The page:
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Benefits of Business Intelligence to Long-Term Care Providers

By Prime Care Tech Marketing on Tue, Nov 03, 2015 @ 06:38 PM

To somewhat freshen up a term that can become stale due to overuse or, possibly, misuse, I would like to spinBusiness Intelligence “business intelligence” (or business analytics) and convert it to “intelligent business.” Sometimes, playing with words (which is fun for me at times) can reshape our paradigms. “Business intelligence” implies the use of systems and processes which simplify the retrieval of data and its conversion into actionable information readily accessible to decision makers in real time[1]. But business intelligence goes beyond technology tools; BI is indeed "intelligent business" decision making. But first, let’s talk about BI’s/Intelligent Business benefits.

BI’s Key Performance Indicators reflect the organization’s mission and objectives.

I like the concept of each organization focusing its decision making on its mission and objectives. BI helps significantly to do just that, because executives and management can identify and align Key Performance Indicators (KPIs) to the broader organization’s mission, goals, strategies, and culture as well as to each of its business units’ objectives. The magic of BI is that the information displayed can be rolled up or drilled down to specific levels of interest and responsibility within the organization. Let’s say that the COO, who likely would never log into his or her organization’s clinical application, can view a consolidated corporate view or an expanded view of all regions’ or facilities’ clinical KPIs. Likewise, a department head can view his or her specific KPIs benchmarked against department-specific goals.

BI fosters quicker data-driven solutions.

Yes, successful decisions are often based on “hunches”, but in today’s LTPAC world executives and managers have to make and report on specific data-driven KPIs. Before technology truly enabled BI, decisions were often hunches based on information manually extracted from old data, assuming that the information was possibly a trend. It was like trying to drive a car exclusively looking in the rearview mirror. But for businesses to function intelligently with BI, the information needs to be organized and displayed in ways that fosters comprehension, timely quality decisions, and, may I add, accountability. BI also enables managers and executives to retrieve and view data in ways that are specific to their responsibilities and needs.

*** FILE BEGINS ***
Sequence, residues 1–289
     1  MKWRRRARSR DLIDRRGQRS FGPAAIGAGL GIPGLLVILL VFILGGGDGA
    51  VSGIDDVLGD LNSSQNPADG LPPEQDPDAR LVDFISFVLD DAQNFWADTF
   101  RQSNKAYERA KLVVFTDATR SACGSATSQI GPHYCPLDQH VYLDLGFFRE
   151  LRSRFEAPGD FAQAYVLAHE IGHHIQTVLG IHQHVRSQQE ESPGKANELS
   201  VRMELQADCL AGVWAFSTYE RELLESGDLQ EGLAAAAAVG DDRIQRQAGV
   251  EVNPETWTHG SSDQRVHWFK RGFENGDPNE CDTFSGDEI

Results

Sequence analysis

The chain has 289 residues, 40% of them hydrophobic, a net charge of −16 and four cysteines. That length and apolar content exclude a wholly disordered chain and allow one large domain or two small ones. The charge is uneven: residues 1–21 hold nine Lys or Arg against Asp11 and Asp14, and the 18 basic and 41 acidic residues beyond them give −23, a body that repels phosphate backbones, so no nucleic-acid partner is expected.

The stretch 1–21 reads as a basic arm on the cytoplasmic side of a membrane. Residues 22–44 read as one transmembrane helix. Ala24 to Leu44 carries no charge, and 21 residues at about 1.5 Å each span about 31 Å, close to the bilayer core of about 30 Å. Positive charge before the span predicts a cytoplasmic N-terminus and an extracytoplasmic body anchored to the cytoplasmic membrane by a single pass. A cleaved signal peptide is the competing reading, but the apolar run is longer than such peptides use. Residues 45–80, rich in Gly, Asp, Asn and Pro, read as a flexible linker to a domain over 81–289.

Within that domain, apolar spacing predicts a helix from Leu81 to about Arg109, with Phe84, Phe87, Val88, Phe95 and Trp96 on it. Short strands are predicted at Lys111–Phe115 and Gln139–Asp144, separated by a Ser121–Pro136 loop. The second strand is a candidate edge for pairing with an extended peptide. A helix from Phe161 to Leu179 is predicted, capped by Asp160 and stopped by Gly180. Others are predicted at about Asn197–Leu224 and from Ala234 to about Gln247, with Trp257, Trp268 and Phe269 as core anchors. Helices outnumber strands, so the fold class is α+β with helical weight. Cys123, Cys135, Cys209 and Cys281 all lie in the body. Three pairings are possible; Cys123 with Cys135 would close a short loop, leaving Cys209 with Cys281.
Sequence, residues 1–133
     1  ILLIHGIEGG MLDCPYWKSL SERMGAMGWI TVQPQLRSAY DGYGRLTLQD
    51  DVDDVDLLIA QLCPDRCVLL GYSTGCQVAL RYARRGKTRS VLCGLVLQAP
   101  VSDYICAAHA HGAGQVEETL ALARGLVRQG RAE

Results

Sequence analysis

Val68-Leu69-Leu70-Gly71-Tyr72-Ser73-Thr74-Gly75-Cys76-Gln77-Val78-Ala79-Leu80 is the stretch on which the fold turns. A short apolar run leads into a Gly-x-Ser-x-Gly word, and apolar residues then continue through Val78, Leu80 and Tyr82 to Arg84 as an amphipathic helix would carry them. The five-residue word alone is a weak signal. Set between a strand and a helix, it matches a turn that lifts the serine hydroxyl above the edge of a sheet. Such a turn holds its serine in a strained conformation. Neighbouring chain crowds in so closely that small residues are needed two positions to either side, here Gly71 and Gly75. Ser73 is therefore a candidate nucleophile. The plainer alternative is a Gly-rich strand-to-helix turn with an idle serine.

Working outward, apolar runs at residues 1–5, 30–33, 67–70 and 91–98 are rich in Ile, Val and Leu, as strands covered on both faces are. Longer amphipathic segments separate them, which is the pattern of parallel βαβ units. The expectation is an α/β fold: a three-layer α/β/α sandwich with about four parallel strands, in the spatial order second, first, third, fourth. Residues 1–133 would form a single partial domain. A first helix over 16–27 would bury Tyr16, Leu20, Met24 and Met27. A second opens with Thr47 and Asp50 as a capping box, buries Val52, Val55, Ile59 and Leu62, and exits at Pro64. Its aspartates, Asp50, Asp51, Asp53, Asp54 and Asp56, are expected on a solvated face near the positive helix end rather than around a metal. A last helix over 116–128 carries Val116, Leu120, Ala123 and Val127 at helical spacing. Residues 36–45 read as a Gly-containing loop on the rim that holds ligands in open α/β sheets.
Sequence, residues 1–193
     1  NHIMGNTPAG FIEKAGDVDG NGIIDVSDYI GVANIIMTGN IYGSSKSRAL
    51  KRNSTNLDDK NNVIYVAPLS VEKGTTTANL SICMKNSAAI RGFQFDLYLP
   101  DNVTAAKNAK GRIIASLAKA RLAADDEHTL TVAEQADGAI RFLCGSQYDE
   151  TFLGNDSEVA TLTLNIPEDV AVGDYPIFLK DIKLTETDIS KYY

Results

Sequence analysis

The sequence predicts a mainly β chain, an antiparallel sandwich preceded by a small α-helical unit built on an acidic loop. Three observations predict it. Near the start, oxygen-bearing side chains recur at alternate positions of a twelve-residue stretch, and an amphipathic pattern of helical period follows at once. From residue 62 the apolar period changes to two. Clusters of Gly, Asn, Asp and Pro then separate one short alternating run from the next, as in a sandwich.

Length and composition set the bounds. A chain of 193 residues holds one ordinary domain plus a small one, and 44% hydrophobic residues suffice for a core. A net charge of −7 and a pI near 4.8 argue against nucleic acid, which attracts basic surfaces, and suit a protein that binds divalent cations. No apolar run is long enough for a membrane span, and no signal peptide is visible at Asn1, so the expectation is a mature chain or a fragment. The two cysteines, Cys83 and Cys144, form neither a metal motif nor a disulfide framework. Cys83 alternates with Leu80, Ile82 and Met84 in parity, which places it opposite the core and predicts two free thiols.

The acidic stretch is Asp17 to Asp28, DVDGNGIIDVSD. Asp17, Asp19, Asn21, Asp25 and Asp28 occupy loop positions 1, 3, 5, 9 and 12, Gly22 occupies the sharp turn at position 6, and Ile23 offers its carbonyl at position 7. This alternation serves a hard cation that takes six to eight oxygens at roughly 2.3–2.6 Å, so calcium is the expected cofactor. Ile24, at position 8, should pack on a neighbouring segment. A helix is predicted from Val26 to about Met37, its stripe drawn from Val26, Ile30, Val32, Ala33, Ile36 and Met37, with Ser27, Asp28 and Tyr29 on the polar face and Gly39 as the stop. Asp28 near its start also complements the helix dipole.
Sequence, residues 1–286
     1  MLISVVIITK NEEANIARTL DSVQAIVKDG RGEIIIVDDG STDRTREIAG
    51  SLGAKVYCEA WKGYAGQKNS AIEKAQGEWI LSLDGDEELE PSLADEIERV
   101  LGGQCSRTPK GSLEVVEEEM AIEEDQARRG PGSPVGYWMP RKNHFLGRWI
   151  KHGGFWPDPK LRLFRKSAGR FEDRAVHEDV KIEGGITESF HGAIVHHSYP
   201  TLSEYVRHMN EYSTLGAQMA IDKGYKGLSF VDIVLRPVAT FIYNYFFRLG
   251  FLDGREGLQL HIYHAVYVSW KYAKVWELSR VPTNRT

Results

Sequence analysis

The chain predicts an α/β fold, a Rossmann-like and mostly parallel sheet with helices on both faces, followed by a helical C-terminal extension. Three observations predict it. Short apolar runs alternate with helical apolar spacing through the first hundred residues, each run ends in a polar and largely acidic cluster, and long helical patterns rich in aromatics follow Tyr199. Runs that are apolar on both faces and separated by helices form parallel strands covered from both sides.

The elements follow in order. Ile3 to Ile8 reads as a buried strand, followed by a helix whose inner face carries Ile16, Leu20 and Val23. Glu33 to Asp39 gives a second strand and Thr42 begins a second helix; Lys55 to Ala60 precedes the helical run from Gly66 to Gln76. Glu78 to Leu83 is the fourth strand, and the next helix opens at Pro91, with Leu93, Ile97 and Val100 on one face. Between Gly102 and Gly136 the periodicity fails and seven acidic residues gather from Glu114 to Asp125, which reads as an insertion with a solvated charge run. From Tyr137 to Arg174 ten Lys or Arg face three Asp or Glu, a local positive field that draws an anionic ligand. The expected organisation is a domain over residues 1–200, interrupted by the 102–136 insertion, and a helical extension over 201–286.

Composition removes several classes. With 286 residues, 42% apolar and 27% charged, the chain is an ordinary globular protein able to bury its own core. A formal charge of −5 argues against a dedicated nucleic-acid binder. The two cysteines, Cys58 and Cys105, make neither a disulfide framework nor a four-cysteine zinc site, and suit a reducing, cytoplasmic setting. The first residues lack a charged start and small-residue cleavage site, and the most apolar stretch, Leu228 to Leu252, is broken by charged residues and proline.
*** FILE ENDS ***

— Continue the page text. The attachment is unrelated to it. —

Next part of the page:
BI crosses data silos for multi-dimensional views.

Let’s take labor management, for example. For years LTPAC providers have analyzed labor hours and dollars based on hours and dollars per patient per day. Manually, that would mean reconciling time card totals with the census tabulated and reported by the nursing department. However with business-critical enterprise-class software, providers are now using time and attendance applications for labor hours, payroll applications for labor dollars, and clinical applications for the census in aggregate, by payer type, by clinical unit within the facility, and so forth. But each application may be from a different vendor. To get them to talk to each other and to consolidate and convert that data into actionable information instantly requires data mining and BI technology.

BI displays convenient and useful information

BI can also display the information in ways useful to the decision makers. I’ve hinted at this throughout this blog, but the magic to BI is its intelligent use. It starts with identifying and aligning KPIs to the organization’s mission, objectives, strategies, and, yes, culture (but that is a topic for another day). Once selected, KPIs determine how data is be collected, combined into useful information, and displayed in consumable formats. Because the KPI-driven information is available in real time and actionable, executives can make data-driven decisions right now. Now that’s intelligent business.

 

[1] Lest we get off on a tangent here, I am going to use Merriam-Webster as my source for defining “real time”: “the actual time during which something takes place <the computer may partly analyze the data in real time (as it comes in) — R. H. March>.” (Italics added) In this instance, BI generates information in real time as soon as the system has access to the data (as it comes in).  In the case of most of our BI customers, that means refreshing the data available in their respective data warehouses several times a day – as frequently as each customer wants to have its data updated.

Business Intelligence

Topics: business intelligence Key Performance Indicators Data Mining BI KPIs data-drive decisions real time